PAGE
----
In another parallel to the Clinton leaks, Macron’s En Marche! party said the leaked documents dealt with “the normal operations of a campaign and included some information on campaign accounts.” It said the hackers had mixed false documents with authentic ones to “sow doubt and disinformation.”
But in the biggest parallel to the Clinton hacking, few have touched upon the actual contents of the documents, which some say confirm prior allegations of illicit financial dealings and offshore accounts, and instead merely sought to attack the messenger. Indeed, as journalist Kim Zetter noted overnight, “Telling journos to not report on hacked emails misses point that nearly all important leaks occur because someone broke law or a contract” and then followed up with the following rhetorical question, flipping the situation by 180 degrees: “If GRU, intending to assault dem., hacks Trump & publishes emails showing his direct connection to Russia, should journos report on those.”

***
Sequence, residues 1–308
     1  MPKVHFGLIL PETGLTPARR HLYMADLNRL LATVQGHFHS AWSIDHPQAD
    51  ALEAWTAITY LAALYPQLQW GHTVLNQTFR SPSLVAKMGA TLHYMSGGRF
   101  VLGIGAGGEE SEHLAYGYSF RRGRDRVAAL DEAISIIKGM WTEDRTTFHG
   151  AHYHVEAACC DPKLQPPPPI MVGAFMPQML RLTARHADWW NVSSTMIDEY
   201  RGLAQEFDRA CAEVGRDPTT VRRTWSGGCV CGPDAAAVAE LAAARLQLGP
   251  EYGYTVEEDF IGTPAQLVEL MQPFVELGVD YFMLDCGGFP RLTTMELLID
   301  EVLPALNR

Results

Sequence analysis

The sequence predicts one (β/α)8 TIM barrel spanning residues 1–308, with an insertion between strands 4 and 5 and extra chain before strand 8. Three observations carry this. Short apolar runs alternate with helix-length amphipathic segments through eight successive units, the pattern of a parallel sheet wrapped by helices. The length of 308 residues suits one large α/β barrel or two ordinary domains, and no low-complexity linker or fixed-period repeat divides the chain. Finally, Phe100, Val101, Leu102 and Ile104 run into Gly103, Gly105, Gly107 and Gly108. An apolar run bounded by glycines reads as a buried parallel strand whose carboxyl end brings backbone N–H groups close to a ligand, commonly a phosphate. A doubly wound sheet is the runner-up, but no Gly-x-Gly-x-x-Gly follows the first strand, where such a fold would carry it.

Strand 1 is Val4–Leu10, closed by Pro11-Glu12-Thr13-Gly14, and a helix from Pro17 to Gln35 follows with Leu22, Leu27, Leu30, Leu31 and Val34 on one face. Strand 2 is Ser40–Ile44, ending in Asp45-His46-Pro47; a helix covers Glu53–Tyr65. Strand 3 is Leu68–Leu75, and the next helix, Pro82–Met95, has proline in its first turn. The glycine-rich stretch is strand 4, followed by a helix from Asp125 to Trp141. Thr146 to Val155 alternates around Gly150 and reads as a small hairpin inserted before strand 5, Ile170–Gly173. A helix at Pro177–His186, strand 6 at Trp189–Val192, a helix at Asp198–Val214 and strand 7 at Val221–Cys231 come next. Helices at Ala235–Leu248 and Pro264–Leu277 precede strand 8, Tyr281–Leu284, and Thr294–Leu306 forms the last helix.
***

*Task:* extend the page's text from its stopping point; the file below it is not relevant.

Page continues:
As reported on Friday evening, WikiLeaks tweeted that the leak contained “many tens of thousands” of emails, photos and attachments dated up to April 24, but it noted that it had come “too late” to affect the election results. In a follow up tweet, the controversial whistleblowing organization posted a tweet sharing the location of all #MacronLeaks archives which are “now available as uncensorable magnet links.”
— WikiLeaks (@wikileaks) May 6, 2017
Cited by Reuters, Vitali Kremez, director of research with New York-based cyber intelligence firm Flashpoint, said his review indicates that APT 28, a group tied to the GRU, the Russian military intelligence directorate, was behind the leak. He cited similarities with U.S. election hacks that have been previously attributed to that group. Kremez also said that APT28 last month registered decoy internet addresses to mimic the name of En Marche, which it likely used send tainted emails to hack into the campaign’s computers. Those domains include onedrive-en-marche.fr and mail-en-marche.fr.